Data cops seek law change after CRU broke rules
The Information Commissioner's office wants to plug a loophole in the UK’s sunshine laws, after academics at the centre of the ‘Climategate’ scandal at the University of East Anglia escaped prosecution on a technicality.
The ICO has said the Climatic Research Unit breached Section 77 of the Act - the so-called "shredding offence" - by failing to comply with requests to hand over data made in 2007 and 2008.
Because CRU delayed releasing the information for more than six months, they evaded prosecution. Prevarication pays, it seems, because "the legislation requires action after six months", the office told The Times.
“The ICO is gathering evidence from this and other time-barred cases to support the case for a change in the law,” a staffer told the paper. Internal FOIA procedures may take six months to process internally, before a requester can refer the matter to the ICO.
The FOIA requests were submitted by UK citizen David Holland and the trail of excuses is recounted here.
CRU's prevarication couldn't be clearer.
CRU director Phil Jones writes of refusing FOIA requests on principle, regardless of validity, because they would aid critics of the manmade global warming hypothesis. Jones also instructed his team to release as little as possible.
"We also have a data protection act, which I will hide behind," Jones wrote in 2005.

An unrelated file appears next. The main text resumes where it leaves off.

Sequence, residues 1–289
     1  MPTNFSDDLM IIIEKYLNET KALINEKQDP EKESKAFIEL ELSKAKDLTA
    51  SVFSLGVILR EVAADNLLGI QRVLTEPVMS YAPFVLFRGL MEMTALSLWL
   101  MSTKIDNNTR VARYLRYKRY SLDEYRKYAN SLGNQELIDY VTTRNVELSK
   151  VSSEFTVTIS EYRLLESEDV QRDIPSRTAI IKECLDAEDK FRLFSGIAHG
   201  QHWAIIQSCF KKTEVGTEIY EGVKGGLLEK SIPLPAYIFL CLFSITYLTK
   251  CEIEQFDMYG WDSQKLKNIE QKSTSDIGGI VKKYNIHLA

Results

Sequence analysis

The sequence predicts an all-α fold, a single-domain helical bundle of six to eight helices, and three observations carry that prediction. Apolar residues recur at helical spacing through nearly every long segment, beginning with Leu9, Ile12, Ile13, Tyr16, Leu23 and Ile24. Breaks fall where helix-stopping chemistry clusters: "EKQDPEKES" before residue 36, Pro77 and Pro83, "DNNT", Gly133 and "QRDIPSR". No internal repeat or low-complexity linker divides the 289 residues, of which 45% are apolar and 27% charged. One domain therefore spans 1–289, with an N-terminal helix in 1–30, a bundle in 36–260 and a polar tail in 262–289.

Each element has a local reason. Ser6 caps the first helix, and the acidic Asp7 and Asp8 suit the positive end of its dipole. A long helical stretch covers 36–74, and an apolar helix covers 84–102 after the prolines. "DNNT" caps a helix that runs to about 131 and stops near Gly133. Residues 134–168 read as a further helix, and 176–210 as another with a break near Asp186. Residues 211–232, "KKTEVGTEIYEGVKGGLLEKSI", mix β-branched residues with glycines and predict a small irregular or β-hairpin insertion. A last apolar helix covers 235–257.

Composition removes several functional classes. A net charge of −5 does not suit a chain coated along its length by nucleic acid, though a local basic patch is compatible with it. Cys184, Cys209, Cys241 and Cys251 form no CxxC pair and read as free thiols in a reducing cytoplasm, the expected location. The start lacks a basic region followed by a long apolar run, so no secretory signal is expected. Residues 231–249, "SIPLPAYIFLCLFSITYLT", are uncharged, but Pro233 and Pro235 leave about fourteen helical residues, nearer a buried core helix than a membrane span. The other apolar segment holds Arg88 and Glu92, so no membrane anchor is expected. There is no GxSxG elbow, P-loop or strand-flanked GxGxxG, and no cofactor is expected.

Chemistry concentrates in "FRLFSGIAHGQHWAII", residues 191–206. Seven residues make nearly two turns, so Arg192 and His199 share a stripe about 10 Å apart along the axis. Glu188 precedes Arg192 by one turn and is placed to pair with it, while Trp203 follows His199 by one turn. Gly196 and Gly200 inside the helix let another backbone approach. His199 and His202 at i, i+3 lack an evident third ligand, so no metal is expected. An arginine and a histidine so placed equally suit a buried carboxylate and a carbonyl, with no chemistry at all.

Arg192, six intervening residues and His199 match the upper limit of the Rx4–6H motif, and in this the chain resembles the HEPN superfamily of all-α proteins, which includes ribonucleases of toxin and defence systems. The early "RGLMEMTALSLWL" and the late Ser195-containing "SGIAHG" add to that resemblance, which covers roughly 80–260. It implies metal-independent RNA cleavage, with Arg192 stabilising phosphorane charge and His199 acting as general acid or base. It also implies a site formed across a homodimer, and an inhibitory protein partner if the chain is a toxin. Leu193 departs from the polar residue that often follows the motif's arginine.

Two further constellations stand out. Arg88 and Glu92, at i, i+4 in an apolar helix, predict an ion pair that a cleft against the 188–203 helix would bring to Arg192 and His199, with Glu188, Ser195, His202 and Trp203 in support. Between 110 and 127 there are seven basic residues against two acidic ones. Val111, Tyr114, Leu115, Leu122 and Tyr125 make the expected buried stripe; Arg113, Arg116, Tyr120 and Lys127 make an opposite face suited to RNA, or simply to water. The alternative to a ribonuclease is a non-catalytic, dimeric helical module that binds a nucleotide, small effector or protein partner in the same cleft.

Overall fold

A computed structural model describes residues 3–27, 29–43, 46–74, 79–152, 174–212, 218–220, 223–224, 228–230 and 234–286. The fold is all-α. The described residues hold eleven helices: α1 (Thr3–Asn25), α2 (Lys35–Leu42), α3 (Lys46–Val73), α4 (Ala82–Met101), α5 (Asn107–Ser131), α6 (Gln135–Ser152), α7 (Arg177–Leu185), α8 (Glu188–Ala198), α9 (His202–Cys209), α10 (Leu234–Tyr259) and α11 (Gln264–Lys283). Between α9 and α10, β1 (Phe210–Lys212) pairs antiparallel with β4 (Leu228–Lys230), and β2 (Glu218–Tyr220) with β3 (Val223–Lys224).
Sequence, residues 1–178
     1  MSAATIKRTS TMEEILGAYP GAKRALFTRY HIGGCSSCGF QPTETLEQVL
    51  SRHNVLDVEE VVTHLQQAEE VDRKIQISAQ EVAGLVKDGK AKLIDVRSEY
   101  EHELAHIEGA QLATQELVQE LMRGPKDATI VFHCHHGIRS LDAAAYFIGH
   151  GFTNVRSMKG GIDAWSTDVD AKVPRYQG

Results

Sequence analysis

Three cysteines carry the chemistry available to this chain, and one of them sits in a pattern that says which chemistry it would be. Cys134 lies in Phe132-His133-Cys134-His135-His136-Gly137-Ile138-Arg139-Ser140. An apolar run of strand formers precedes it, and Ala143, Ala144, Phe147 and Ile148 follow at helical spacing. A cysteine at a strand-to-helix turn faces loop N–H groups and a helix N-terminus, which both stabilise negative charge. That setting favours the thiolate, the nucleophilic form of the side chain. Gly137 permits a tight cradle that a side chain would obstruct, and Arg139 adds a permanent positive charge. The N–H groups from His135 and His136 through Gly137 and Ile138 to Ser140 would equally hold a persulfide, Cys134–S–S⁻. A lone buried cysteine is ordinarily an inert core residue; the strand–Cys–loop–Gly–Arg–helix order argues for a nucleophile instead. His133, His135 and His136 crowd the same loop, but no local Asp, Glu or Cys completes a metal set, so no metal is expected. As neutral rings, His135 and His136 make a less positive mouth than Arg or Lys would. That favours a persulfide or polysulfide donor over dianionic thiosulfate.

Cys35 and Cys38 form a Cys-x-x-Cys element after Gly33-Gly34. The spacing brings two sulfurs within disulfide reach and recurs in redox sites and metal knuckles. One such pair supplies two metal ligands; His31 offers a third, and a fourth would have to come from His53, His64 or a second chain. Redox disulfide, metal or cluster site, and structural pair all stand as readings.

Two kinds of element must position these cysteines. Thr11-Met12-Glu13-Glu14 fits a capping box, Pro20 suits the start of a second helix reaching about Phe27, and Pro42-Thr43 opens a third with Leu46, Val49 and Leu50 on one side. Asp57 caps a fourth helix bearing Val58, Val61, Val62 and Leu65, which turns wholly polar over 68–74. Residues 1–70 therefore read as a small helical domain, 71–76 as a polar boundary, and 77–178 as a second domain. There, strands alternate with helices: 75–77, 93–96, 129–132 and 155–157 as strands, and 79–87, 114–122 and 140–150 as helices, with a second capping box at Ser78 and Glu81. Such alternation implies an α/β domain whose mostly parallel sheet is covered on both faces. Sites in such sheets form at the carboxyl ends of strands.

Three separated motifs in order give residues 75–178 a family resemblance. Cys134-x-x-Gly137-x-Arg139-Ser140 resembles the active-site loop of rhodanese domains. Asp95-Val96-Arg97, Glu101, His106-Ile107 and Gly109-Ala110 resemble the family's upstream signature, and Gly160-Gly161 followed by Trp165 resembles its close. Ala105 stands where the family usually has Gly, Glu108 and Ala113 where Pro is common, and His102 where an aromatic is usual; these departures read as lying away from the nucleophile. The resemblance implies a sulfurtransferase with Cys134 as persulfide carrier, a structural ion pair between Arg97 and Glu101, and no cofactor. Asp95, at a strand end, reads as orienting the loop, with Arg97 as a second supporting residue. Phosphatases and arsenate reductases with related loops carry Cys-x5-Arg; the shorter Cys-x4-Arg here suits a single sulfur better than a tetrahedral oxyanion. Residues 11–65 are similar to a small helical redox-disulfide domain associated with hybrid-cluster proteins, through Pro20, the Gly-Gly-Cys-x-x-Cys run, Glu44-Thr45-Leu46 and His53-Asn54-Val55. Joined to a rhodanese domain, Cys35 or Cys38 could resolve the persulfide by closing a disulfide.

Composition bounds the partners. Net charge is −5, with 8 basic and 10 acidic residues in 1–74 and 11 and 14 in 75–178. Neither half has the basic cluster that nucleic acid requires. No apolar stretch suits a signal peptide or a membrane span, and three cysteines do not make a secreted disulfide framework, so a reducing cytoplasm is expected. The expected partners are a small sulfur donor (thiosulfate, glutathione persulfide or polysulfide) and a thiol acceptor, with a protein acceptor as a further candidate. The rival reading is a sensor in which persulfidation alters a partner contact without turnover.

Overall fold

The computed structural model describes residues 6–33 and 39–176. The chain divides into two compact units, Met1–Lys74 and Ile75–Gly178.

Later he indicates that he coached the University's FOIA team:
"When the FOI requests began here, the FOI person said we had to abide by the requests. It took a couple of half hour sessions - one at a screen, to convince them otherwise showing them what CA was all about. Once they became aware of the types of people we weredealing with, everyone at UEA (in the registry and in the Environmental Sciences school - the head of school and a few others) became very supportive," he emailed American colleagues.
Attempts to close the loophole have been made before.
"Section 77 is a very difficult section to use. You've got to prove intent, which is difficult, and you've got the six-months limit," the ICO tells the BBC's Martin Rosenbaum, who describes earlier attempts to get the six month statute of limitations lifted.
The Times was following up a story by Andrew Montford, better known for the blog Bishop Hill, and author of a new book on the Hockey Stick scandal.
The leaked emails are widely believed to be the work of an insider in response to the delaying tactics. Data was collected up to a couple of days before a FOIA request was formally declined, and then released in an archive called FOIA.ZIP.
Perhaps seeking to repair its environmental reporting credibility - after a recent ad campaign made misleading claims - The Times put the story on its front page. But it felt it necessary to haul in one of the UK's most senior warmists, Vicky Pope of the Met Office's Hadley Centre, to assure that there was nothing to see, the science was sound, scientists were "human", and it was all a clumsy choice of words.
Bless her. She thinks she's helping. ®
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